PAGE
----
Ran across an interesting article today Saving Progress: Impulse Buyer in which the author offers praise for Valve and their Steam game delivery system; and it’s ability to effortlessly deliver games to your desktop.
I’ll give the author points for identifying the reason that Valve promotes Steam, to the exclusion of all other methods of game installation. But he fails to unambiguously state what that reason is.
I’m a capitalist, I have no problem with profit. What I have a problem with is the continuing saga of limiting the usefulness of a product, even crippling same, for the explicit purposes of increasing profit margins; even when these actions limit the value of the product to the customer. DRM can come in many forms, and relying on Valve and Steam to continue to authorize a program’s use every time you start it will eventually end in your paying for the same game over and over again as their profit margin demands it.
Make no mistake about it, Steam is DRM. If you do not have an active online presence when installing the game from disc (those of us who continue the arcane practice of actually going to brick and mortar stores for our software) you will not be allowed to install, at all. No where on the packaging for The Orange Box or Half Life is this fact revealed, and good luck returning already opened software for a refund. That doesn’t happen, either.
Luckily (or maybe unluckily) we have high speed internet service, and so The Son was able to install his favorite programs and play them ad nauseum. Or he would be able to if Steam didn’t present me with a regular series of challenges based on arcane hardware limitations and failed upgrade problems.
After a few months of being Steamrolled, I’m declaring a moritorium on Steam controlled games in this household. I’ve had enough of re-installing and re-configuring, and then re-re-installing and re-re-configuring Valve games to last me for the rest of my life. The children keep asking me when I’m going to play Half-Life 2 (because, like Doom 3, they watched me play Half Life from the safety of the couch, where the monsters can’t get them. They want to continue the entertainment of watching dad scream in terror when the monsters start eating the back of his head) and my answer is a solid “never”. Never going to play it, because the frustation of making Steam work with Half-Life and the other Valve programs leaves little room for the entertainment that you are supposed to get from gaming. Never mind that I don’t want to get attached to a program that Valve could de-authorise whenever they please, for whatever reason they see fit.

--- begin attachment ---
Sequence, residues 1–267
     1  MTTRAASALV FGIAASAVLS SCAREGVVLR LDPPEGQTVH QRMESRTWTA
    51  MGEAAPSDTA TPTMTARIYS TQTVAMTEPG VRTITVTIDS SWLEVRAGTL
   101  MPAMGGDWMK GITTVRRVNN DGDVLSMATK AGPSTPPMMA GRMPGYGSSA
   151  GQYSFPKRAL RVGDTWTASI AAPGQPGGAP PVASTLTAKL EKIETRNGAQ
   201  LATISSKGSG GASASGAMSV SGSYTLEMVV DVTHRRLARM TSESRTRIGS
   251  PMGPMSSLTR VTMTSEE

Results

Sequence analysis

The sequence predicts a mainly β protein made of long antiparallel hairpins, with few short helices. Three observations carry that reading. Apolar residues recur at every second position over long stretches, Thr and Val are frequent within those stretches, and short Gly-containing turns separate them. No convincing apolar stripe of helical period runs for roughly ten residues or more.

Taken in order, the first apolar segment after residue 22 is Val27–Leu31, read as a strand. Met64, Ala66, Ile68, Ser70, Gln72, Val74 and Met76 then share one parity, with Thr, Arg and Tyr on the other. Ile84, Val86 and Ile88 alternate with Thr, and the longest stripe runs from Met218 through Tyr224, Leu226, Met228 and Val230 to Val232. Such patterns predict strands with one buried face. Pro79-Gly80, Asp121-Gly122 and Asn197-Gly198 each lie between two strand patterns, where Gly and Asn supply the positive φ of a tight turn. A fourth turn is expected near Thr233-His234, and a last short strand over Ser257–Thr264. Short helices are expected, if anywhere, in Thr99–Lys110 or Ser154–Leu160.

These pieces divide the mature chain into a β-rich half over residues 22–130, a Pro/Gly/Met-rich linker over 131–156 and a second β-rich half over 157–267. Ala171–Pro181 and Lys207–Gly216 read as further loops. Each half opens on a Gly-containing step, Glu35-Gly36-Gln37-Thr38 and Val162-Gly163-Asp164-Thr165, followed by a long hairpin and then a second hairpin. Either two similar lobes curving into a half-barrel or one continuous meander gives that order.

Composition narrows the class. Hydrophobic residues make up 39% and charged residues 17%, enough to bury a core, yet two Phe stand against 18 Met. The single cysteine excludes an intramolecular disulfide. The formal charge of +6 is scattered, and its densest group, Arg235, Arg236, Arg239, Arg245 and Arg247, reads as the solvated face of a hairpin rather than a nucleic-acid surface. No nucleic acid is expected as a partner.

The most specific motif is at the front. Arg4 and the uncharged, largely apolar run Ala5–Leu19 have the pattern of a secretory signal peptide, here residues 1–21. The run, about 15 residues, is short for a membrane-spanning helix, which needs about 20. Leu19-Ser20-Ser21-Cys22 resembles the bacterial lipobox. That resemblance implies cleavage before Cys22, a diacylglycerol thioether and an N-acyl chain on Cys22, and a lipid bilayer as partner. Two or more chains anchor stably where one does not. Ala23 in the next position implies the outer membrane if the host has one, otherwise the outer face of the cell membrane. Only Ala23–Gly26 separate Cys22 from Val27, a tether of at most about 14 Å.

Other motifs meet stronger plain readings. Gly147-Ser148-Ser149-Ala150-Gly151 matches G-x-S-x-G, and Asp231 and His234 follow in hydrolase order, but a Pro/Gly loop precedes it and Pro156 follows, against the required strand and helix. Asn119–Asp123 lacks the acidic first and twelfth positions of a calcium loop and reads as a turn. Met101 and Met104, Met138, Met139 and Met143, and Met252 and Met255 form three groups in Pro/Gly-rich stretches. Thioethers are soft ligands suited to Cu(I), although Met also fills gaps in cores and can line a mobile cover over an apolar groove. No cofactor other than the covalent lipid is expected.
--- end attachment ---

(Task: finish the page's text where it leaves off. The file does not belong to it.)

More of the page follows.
I have a dream. I just want to be able to install a game, and then never have to worry about licensing again. If I were pirating…
[Copying without paying for software. Not really pirating. Pirating involves theft of value by force. Like taking your money and not giving you software that works, for example. Theft of my money is just as much piracy as continued use of a program you have not licensed properly]
…software, it would be that simple. I wouldn’t have to answer to the authors of the program when it came to methods of installation, numbers of installs, or online status when installing. That is what these games developers have to compete with when it comes to rolling out new software. The software may or may not work on my system, I may not get the bug patches, but the price (free) is right for that kind of risk. And I won’t have to listen to children beg me for the advertised games they don’t own, conveniently available through Steam.
No, Valve has found their version of an MMO (and World Of Warcraft, Blizzard’s premiere MMO, is experiencing astronomical profits) and they are milking it for all it’s worth. I just don’t have any need to be treated as a revenue source for game companies that really aren’t doing too bad after all.
The interesting part of the article was the information on other game companies intentions to compete with Steam for customers. Well, they might have one sitting right here.
Impulse claims to be much more open, in keeping with Stardock’s continuing policy of being DRM-free and rewarding the legitimate customer. Recent furores over invasive and overly protective piracy prevention tools has divided the industry, with some favoring the maximum effort possible to stop piracy, while the rest advocating a free system which does not punish the consumer. Stardock, being at the forefront of this movement, consistently promise to never restrict their customers in the name of reducing piracy. By distributing their games online via the same methods as those who steal games, Stardock is banking on the loyalty of their customers and the attractiveness of their product to survive. So far, it is working.
It sounds good. But it only runs in Windows, a platform that I’ve vowed to abandon, for pretty much the same reasons I don’t approve of Steam. Too many hoops to jump through, too many limitations on what I can do, too much money for what I’m actually getting.
How about a cutting edge gaming system that is platform neutral, like Mozilla? No, I’m not happy about the state of gaming these days, and I don’t see much hope on the horizon. Still, it’s good that there are companies out there that realize treating customers like criminals is not the way to ingender loyalty amongst the endusers. Now lets see if they go the distance.